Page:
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Feldman, Jim (Writer) / The buildings of the University of Wisconsin

Historical Society,   pp. 82-84

Page 83

Fig. 2. March
1897, the His-
torical Society
Library under
construction. At
the completion
point of the first
contract, the first
floor is nearly
done. This photo
was probably
taken from the
w-                                                             roof of the Red
Gym. [SHSW
WHi(x3) 35007
:; :;   ilot 136]
sity campus which would house both the university library and the Historical Society collections and
library. Then in 1895 a measure was passed granting $180,000 for the project and specifying that the
university deed to the state eight lots of land on the lower campus to provide a site for the building.
Subsequent legislatures added to the appropriation (1897-$240,000; 1899-$200,000) leading to a
total of about $580,000 usable construction funds.3
The commission to oversee the erection of the building organized an architectural competition
which included most regionally and a few nationally significant firms.4 In November of 1895, the
submitted plans were examined and critiqued by the commission. They asked two of the architectural
firms, Ferry and Clas, and Van Brunt & Howe to redesign and resubmit plans. Most of the criticisms
involved the amount of light in the stacks and reading rooms, though Ferry and Clas's original domed
design is referred to as having "exceptionally massive features of doubtful value." Van Brunt &
Howe's design gets similar remarks: "It is a matter of regret that a plan ... should exhibit ... so little
judgement and good taste." In December 1895 the commission settled on the design of Ferry and
Clas, who had removed the dome, added skylights and reproportioned the reading room.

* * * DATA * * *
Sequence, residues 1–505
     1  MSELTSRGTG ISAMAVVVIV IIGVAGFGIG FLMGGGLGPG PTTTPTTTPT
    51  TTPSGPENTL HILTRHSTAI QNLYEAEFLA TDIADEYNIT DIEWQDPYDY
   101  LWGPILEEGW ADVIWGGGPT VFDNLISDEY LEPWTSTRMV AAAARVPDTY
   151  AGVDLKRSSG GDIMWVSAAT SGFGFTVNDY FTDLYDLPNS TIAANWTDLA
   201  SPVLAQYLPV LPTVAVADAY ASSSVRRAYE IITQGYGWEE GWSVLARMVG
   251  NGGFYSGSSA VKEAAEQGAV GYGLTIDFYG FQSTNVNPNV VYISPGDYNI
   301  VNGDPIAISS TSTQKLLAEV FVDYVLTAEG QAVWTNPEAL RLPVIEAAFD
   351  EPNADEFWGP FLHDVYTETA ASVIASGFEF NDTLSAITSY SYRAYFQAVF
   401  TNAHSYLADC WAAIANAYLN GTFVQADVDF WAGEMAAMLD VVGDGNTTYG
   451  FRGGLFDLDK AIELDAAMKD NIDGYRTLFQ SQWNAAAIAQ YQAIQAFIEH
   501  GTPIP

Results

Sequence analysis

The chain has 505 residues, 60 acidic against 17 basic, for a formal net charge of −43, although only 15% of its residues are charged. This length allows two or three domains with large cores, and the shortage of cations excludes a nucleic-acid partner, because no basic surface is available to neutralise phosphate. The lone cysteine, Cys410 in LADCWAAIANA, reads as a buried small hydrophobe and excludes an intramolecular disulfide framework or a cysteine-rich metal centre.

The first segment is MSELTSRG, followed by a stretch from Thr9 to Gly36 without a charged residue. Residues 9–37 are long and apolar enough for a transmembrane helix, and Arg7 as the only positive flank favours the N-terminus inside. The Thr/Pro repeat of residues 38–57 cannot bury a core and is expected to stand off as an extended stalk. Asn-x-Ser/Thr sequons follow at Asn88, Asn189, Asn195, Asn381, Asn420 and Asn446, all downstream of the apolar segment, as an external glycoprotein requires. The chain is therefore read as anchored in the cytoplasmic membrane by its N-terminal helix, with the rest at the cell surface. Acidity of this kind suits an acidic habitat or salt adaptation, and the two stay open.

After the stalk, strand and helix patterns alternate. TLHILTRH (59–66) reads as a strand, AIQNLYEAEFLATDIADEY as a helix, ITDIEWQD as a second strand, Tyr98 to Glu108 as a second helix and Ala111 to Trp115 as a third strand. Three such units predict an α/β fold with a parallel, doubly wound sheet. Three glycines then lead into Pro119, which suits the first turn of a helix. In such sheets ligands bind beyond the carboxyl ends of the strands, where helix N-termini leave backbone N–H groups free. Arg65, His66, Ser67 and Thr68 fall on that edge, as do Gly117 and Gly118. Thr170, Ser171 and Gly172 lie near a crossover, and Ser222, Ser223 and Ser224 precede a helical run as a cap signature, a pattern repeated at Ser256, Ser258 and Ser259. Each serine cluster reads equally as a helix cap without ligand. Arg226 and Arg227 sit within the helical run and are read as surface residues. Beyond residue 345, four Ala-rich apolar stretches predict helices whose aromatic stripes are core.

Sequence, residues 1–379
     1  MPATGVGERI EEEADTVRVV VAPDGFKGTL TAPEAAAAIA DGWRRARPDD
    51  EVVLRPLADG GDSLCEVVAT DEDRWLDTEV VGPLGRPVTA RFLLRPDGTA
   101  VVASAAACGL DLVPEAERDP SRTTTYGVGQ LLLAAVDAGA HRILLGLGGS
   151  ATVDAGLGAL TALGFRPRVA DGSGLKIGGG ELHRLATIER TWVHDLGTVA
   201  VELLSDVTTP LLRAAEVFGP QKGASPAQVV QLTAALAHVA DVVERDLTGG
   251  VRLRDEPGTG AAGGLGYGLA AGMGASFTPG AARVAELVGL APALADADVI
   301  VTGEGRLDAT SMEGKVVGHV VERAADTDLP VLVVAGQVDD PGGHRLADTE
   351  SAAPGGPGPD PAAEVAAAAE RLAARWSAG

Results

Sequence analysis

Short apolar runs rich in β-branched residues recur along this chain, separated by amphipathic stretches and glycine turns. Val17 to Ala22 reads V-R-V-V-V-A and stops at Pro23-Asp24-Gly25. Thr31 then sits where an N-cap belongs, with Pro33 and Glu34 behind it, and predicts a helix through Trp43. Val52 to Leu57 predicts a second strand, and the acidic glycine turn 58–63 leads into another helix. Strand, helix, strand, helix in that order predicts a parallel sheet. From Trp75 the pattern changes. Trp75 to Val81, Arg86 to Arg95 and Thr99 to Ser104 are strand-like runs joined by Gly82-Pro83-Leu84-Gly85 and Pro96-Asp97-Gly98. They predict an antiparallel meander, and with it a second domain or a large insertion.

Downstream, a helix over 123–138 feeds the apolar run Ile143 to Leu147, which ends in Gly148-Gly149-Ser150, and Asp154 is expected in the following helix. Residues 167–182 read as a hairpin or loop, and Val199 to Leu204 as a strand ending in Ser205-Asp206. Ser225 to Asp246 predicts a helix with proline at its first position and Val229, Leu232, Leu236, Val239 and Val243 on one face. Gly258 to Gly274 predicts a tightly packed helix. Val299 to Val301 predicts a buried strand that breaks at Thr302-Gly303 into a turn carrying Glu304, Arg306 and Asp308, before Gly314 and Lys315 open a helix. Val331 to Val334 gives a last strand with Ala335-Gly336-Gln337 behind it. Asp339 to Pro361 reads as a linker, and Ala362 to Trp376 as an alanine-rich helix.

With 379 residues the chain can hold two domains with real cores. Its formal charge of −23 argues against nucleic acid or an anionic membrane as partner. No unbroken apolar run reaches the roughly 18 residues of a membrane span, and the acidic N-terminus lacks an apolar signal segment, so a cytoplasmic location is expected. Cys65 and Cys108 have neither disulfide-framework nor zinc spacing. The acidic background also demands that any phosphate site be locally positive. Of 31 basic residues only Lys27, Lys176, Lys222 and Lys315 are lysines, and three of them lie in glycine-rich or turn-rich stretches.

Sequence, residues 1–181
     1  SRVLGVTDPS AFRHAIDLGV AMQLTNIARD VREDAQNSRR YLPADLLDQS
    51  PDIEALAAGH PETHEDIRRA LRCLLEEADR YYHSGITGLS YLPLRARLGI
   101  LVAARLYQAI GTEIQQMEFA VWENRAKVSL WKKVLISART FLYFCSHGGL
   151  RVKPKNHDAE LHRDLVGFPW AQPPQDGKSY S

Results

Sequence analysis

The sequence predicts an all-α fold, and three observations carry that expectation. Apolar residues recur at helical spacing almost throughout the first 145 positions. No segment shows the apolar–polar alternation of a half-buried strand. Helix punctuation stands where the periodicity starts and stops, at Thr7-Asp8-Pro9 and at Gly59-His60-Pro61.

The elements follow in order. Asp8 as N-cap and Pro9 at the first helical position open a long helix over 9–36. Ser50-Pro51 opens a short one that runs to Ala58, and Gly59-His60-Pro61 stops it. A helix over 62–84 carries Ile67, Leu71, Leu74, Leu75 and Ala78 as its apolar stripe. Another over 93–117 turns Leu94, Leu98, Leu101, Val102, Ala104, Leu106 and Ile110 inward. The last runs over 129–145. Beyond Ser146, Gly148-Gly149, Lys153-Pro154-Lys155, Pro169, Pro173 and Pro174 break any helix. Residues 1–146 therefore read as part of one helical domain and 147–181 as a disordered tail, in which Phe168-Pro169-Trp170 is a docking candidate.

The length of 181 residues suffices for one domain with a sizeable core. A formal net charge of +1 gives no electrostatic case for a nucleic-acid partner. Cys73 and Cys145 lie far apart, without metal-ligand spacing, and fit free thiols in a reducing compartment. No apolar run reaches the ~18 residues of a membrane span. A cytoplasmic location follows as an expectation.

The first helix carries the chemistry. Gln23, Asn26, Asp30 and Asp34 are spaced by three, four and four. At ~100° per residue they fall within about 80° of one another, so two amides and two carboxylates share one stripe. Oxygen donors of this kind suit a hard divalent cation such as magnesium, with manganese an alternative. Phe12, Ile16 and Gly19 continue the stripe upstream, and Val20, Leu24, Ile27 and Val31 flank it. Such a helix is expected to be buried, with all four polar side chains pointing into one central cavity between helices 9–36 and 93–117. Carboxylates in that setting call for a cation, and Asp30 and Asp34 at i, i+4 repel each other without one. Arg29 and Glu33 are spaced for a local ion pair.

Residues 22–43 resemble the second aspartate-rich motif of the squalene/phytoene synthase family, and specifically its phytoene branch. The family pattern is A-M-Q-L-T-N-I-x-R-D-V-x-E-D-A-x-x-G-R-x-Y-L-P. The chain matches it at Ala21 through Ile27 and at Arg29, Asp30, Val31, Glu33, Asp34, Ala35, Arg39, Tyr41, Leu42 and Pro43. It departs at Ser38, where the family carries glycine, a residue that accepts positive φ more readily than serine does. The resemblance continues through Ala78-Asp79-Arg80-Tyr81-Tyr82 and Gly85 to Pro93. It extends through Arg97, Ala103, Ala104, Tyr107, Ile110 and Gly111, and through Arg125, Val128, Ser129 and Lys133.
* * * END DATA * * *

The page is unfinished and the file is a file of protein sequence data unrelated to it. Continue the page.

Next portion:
Construction began early in 1896. What with the vagaries of state funding, the difficulties in
procuring materials and the normal ups and downs of contractor operations it was not finished until
1900. The building was opened with an elaborate ceremony on October 19, 1900.5 The money
available to the commission did not cover the northwest stack wing, so only the stack on the south
end was built initially. As built with the single stack wing, the capacity of the new library was esti-
mated at 415,000 volumes. The two libraries agreed to share the stack space until the other stack
could be added.
In keeping with the intent to house two distinct libraries, separate except for reading rooms
and book handling facilities, the building was U-shaped in design with the bottom of the 'U' facing
east toward the lower campus and the city. The University library was in the north end, and the state
collection in the south end. The arms of the 'U' were the stack wings, only the southern of which was
built originally. The stacks are six (shorter) stories high. The main entrance is on the east side but
smaller entrances admit from State and Langdon Streets. Originally a fourth entrance existed on the
Park Street side for the convenience of users from "the hill". A beautiful two-story reading room on

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